Academic journal article Public Personnel Management

Case Study: Pennsylvania's Changing Workforce: Planning Today with Tomorrow's Vision

Academic journal article Public Personnel Management

Case Study: Pennsylvania's Changing Workforce: Planning Today with Tomorrow's Vision

Article excerpt

The Commonwealth of Pennsylvania's has more than 12.2 million citizens, placing it among the eight most populous states. The number of state full-time salaried employees under the Governor's jurisdiction Consists of 75, 623 as o f July 1, 2004, and 321 salaried part-time and more than 4,800 wage part-time employees. The average age of the full-time permanent salaried workforce is 45 years, with an average length of service of 13 years. Seventy percent of state workers are covered by a merit system, and 83 percent are represented by one of 20 authorized unions. State workers under the Governor's jurisdiction work in 34 primary agencies and scores of smaller boards and commissions. Recent workforce-related awards include the National Association of State Personnel Executives (NASPE); Eugene H. Rooney, Jr Program Award of Merit for the Human Resource Management Trainee Program (August 2000); and the National Association of Chief Administrators 200I Outstanding Program Award for Creative Excellence in Human Resources for Pennsylvania Information Technology Retention and Recruitment.

"Did you hear the news?"

"What news?"

'After working for the Commonwealth for more than 30 years, John, Bill and Sue have announced their plans to retire."

"You're joking, right?"

"No."

"We are really going to miss them. Not only have they been here for so many years, but they have also assisted in successfully transitioning through several changes in administration. They have such a wealth of knowledge about the agency and operational activities."

"How will we function without them? Who will be left in the office? Who will be their successors, and what will be done to ensure a seamless transition of future employees into the workplace?"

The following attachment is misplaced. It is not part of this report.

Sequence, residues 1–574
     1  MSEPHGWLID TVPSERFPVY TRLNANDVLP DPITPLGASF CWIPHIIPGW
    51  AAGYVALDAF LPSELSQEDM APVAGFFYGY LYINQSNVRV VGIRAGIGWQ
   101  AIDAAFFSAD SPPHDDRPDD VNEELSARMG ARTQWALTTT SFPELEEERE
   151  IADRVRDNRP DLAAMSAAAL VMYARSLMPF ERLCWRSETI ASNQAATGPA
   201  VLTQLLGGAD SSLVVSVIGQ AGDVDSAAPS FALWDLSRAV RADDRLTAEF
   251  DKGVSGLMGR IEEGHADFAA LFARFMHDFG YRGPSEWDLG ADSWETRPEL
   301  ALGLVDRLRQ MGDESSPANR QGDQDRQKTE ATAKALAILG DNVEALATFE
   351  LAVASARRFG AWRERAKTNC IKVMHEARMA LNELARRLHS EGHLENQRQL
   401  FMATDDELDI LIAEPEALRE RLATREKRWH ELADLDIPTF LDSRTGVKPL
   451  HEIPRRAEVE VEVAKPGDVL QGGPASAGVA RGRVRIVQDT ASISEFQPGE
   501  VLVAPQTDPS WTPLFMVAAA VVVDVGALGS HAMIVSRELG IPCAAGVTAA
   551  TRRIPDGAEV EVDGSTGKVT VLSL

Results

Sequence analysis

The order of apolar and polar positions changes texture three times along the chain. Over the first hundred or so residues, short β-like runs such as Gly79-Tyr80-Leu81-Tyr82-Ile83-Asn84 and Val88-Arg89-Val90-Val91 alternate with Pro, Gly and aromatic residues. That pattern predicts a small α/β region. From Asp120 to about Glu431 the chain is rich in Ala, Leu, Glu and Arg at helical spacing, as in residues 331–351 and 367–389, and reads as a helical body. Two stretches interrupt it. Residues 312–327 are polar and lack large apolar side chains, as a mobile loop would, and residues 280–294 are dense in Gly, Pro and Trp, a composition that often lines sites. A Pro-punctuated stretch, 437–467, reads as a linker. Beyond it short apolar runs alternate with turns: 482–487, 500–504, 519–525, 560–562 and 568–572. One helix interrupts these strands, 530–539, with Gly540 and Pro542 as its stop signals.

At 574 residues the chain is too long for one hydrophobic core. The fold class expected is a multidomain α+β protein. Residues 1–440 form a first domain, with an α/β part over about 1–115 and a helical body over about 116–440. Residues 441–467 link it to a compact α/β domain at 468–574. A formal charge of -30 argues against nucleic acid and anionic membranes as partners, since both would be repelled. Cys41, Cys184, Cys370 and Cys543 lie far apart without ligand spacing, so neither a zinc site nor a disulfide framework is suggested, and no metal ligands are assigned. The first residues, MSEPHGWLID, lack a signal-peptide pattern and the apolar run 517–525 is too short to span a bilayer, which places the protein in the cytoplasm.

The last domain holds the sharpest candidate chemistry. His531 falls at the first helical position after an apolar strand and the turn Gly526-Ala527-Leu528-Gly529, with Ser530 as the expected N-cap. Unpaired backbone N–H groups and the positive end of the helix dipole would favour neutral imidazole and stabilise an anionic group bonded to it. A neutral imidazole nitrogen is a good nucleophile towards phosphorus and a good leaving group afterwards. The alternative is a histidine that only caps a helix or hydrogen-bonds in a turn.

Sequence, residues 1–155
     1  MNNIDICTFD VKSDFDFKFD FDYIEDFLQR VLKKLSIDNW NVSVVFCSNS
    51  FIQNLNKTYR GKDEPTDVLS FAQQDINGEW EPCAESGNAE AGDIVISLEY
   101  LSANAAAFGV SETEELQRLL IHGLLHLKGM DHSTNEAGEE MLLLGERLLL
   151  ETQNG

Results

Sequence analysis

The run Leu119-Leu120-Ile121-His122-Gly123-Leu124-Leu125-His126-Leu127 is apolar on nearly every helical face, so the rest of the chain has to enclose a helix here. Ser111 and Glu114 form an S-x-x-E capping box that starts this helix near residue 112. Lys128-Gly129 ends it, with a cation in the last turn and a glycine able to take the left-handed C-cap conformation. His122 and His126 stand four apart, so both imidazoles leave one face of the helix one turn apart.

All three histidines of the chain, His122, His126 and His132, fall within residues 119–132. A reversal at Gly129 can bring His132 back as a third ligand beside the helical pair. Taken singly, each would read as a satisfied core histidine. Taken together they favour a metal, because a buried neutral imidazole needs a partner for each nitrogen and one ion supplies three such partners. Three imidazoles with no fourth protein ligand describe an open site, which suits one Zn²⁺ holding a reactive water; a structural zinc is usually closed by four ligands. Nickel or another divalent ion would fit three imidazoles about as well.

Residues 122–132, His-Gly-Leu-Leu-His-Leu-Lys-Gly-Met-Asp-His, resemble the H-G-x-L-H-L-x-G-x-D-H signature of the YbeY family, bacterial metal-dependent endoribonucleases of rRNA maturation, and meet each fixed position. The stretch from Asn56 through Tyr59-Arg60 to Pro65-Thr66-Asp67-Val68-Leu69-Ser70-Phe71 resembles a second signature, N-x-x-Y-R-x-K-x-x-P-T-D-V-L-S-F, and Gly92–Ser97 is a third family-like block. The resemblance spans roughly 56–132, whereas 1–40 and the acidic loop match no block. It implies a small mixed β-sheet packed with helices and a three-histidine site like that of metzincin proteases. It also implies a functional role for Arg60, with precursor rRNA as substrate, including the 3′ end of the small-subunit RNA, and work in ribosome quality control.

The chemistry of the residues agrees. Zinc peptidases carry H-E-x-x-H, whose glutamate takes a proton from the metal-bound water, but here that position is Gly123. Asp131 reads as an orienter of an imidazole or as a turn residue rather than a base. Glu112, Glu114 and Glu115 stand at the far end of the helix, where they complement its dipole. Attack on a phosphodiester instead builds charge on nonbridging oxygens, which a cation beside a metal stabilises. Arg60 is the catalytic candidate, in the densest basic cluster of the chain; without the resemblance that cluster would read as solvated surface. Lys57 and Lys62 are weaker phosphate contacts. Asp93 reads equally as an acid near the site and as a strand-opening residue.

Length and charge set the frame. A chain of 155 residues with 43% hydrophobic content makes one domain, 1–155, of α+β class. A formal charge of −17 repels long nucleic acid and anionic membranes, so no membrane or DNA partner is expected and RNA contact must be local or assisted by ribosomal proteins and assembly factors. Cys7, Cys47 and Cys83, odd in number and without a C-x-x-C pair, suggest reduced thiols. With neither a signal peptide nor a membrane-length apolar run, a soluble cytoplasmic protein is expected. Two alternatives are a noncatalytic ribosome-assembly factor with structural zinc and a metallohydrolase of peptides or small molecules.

These are just a few of the questions that are being asked as Commonwealth agencies address challenges resulting from the changing demographics of Pennsylvania's workforce.

This manuscript defines workforce planning and indicates reasons for its importance. It also outlines the environment and challenges the Commonwealth of Pennsylvania faces, as it implements various workforce planning initiatives. The framework and methodology used in Pennsylvania are outlined, as well as significant milestones achieved and lessons learned throughout the process. Pennsylvania has formulated a number of short and long-term strategies, and this manuscript provides information on each of them. The remaining intent of the article is to accentuate the deliberate action taken in planning today with tomorrow's vision.

What Is Workforce Planning?

Workforce planning is the "strategic alignment of an organization's human capital with its business direction. It is a methodical process of analyzing the current workforce, determining future workforce needs, identifying the gap between the present and future, and implementing solutions so the organization can accomplish its mission, goals and objectives." (1) More simply stated, in Pennsylvania state government, it is known as the process of having "the right number of people with the right job knowledge, diversity and skills working in the right jobs at the right time." (2)

Why is Workforce Planning Important?

Labor force projections have significant implications for workforce planners. While the labor pool and general population are aging, people are working longer, living longer and enjoying much healthier lives. In Pennsylvania state government, the average age of employees is 46 years old. (3) Conversely, the birthrate is at an historic low. "The Bureau of Labor Statistics indicates that while the youngest workers (ages 16 to 24 years old) are increasing by 15 percent, this decade will also witness the 25 to 34-year-old baby boomers' children entrance into the workforce at just half that rate. The employable workforce population between 35 and 44 years of age is actually declining, as the overall national rate of workforce growth faces a sharp drop. …

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